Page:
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AO 2012-14 Individual May Not Exceed Biennial Limit
As an individual donor, Shaun McCutcheon is prohibited from making aggregated contributions to federal candidates in excess of $46,200 during the 2011-2012 election cycle. The Federal Election Campaign Act (the Act) limits the amount an individual can donate during a two-year period to an aggregate of $117,000 to all federal candidates, PACs and parties. Under the Act’s biennial limit, an individual’s aggregate contributions may not exceed $46,200 to all federal candidates and $70,800 to all PACs and parties.
Mr. McCutcheon has currently made contributions totaling $7,500 to federal candidates and their principal campaign committees so far during the 2011-2012 election cycle. Mr. McCutcheon wishes to make another contribution of $2,500 to an unnamed federal candidate and 25 other contributions of $1,776 to federal candidates during the remainder of the 2011-2012 election cycle. In all, McCutcheon wished to donate a total $54,400 to federal candidates during the 2011-2012 election cycle.
In Buckley v. Valeo, 424 U.S. 1,38 (1976), the Supreme Court upheld the Act's then-limit on aggregate contributions by individuals of $25,000 per calendar year as a "quite modest restraint upon protected political activity [that] serves to prevent evasion" of the limit on contributions to candidates. The overall limit on contributions to candidates, political party committees and other political committees passed constitutional muster, the Court found, because it was "no more than a corollary of the basic individual contribution limitation."
In the Bipartisan Campaign Reform Act of 2002 (BCRA), Congress increased the overall individual contribution limitation to $95,000, an increase designed to reflect increases in the price index since the limit had passed in 1974. Congress divided the overall limit between a limitation on contributions to candidates at $37,500, and a limit on contributions to other committees at $57,500. Id. (codified at 2 U.S.C. §441a(a)(3)). Congress then indexed each of these limits to reflect increases in inflation, and the current overall limit on contributions to candidates, as indexed to reflect increases in the price index, is $46,200. Thus, Mr. McCutcheon is limited to contributions to candidates and candidate committees aggregating no more than $46,200 during the 2011-2012 election cycle. Consequently, if he makes contributions totaling in the aggregate $54,400, Mr. McCutcheon will be in violation of 2 U.S.C. §441a(a)(3).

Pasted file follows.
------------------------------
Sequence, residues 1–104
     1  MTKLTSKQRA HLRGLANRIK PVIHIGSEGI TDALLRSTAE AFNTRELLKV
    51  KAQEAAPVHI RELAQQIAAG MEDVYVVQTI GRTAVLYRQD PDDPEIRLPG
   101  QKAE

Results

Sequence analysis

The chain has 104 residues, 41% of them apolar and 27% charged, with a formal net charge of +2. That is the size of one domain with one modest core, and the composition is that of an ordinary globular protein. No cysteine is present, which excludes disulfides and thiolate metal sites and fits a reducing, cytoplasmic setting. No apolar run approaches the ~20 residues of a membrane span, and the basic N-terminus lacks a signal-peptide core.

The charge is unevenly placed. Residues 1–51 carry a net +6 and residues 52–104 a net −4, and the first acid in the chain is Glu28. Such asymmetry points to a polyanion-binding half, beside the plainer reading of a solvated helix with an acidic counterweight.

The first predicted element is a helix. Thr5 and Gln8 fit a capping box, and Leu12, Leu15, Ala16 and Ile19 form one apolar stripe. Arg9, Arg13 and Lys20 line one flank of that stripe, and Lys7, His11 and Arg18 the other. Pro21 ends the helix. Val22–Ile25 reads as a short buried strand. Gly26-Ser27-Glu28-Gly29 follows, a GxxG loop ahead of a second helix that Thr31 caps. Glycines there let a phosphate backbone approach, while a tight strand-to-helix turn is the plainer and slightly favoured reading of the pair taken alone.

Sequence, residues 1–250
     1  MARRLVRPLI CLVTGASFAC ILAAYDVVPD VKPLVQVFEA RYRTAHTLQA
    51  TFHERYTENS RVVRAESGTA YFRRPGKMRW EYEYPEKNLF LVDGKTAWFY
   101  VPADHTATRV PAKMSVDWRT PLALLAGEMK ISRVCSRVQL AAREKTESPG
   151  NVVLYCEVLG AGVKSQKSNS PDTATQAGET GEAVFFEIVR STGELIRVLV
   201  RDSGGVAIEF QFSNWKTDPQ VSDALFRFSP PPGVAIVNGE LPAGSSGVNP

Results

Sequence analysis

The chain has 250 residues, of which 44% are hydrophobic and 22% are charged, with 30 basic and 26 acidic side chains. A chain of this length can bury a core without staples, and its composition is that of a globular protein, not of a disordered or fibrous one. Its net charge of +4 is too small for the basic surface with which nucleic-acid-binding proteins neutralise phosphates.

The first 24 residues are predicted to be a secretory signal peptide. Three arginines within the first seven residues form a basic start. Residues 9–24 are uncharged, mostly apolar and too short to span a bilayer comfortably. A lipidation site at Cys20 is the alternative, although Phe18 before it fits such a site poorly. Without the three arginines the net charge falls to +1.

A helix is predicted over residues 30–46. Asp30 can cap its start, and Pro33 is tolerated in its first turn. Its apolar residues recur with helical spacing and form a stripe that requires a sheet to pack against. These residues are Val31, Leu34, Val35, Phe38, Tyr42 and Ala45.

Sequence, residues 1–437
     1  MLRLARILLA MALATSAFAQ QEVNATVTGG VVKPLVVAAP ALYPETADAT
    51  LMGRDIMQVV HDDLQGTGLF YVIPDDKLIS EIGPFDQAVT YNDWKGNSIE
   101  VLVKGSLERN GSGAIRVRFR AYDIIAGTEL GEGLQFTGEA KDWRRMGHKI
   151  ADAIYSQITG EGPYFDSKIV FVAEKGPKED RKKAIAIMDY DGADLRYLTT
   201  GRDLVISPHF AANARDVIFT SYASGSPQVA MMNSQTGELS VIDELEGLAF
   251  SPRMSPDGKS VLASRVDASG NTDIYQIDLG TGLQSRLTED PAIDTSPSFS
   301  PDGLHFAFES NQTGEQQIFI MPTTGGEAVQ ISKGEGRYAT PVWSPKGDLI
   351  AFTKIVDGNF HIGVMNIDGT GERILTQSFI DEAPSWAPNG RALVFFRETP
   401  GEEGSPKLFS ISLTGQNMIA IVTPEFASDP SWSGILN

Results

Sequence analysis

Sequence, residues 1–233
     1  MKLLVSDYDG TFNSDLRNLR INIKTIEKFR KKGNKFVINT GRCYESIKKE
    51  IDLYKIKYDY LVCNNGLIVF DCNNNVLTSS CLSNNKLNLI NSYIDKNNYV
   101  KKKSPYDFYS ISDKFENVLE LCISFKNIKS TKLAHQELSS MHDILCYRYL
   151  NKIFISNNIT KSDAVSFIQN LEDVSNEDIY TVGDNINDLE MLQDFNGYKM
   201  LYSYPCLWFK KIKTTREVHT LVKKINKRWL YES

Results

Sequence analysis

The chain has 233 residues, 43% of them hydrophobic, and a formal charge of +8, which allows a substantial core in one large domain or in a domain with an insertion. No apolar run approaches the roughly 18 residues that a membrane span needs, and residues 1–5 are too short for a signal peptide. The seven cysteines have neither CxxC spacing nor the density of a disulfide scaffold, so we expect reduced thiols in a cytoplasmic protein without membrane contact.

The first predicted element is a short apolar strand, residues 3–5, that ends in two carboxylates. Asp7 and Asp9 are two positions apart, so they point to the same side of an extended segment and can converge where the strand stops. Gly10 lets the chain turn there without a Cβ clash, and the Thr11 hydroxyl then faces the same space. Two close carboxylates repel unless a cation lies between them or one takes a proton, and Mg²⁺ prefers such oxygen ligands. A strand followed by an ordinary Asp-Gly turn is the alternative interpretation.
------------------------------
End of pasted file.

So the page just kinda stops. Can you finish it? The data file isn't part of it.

Mr. McCutcheon asked the Commission to find these congressionally imposed limits of 2 U.S.C. §441 a(a)(3)(A) to be unconstitutional. However, the Commission lacks the power to make such a finding. See Johnson v. Robison, 415 U.S. 361,368 (1974) (adjudication of constitutionality is generally outside an administrative agency's authority); Robertson v. FEC, 45 F.3d 486,489 (D.C. Cir. 1995) (noting in the context of the Commission's administrative enforcement process that "[i]t was hardly open to the Commission, an administrative agency, to entertain a claim that the statute which created it was in some respect unconstitutional"). Since no court has invalidated the limitation in section 441a(a)(3)(A) on constitutional grounds, the Commission is required to give it full force.
Thus, Mr. McCutcheon may not make contributions to federal candidates during the 2011-2012 election cycle in excess of the $46,200 aggregate limit.
Date Issued: April 27, 2012; Length: 3 pages.
(Posted 5/9/12; By Alex Knott)
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